The Game: Just another day in the life of the rock group Journey, as you help Steve Perry, Neal Schon, Ross Valory, Jonathan Cain and Steve Smith evade alien “groupoids” intent on keeping them from reaching their next gig. (Bally/Midway, 1983)
Memories: Not one of the brightest ideas ever to occur in the history of arcade games, Journey is an stepchild of the much better Tron video game. Someone, somewhere, thought it was be a brilliant idea to recycle the basics of Tron‘s game play, while attaching a new celebrity licensing opportunity to it. Fresh from two hit rock albums (Escape and Frontiers), Journey seemed a likely choice.
Some of the elements of Journey are identical to Tron, including the opening screen where you select which portion of the game to play. The Steve Perry part of the game was very much like the “MCP cone” game in Tron, while Ross Valory had to wander through a maze of killer… objects, not unlike Tron‘s “grid” bug game. If you got through all the levels, you were rewarded with a new level, trying to fend off the groupoids during a gig scene in which a recording of the song Separate Ways was blasted into your skull at full volume.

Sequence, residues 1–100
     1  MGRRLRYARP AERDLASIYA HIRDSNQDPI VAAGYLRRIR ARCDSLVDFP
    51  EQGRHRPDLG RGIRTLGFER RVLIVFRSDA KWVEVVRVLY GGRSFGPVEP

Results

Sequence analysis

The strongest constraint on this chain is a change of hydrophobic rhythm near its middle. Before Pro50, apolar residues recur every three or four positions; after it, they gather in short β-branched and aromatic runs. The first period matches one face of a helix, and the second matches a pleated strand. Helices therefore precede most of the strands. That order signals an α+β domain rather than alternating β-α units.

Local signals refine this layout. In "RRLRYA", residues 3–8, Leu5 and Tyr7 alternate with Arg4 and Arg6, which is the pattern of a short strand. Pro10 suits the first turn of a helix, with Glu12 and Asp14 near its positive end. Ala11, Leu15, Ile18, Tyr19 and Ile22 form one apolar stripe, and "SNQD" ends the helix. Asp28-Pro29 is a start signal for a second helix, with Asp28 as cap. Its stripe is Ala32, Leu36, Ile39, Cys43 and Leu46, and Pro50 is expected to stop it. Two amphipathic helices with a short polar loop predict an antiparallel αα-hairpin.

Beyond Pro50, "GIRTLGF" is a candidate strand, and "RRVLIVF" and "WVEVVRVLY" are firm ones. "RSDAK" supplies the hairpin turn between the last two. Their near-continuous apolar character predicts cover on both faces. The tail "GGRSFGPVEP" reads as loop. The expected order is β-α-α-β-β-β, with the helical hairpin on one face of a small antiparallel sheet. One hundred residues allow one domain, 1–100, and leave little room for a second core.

Journey was also the only application of a new technology Midway had licensed from Ralph Baer, the inventor of home video games. Baer had the idea of incorporating a small black & white digital camera into the marquee of an arcade game, which would record a snapshot of the player’s face for use in the high score register rather than the player’s initials. One self-appointed comedian decided, during site-testing of the new technology, to moon the camera; Midway didn’t want a repeat performance, and so the camera technology was killed…until they needed to capture shots of each member of Journey for this game. So the next time you fire up your PS2’s Eye Toy, just think – it was a “chain reaction” that started (and almost ended) here.